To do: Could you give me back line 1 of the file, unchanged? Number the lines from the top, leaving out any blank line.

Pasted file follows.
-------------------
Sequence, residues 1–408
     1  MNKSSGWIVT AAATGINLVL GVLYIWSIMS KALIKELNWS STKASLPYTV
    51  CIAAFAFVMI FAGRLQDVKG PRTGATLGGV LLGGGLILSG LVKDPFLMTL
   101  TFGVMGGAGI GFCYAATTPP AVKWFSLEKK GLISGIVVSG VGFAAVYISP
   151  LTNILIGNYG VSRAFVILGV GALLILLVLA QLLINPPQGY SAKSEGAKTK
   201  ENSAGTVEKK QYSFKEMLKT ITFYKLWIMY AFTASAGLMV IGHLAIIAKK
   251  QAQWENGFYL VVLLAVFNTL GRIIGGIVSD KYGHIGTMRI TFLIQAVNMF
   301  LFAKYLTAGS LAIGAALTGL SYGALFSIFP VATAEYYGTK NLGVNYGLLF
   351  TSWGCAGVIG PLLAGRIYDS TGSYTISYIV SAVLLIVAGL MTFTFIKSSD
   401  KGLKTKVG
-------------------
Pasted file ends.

Sequence, residues 1–408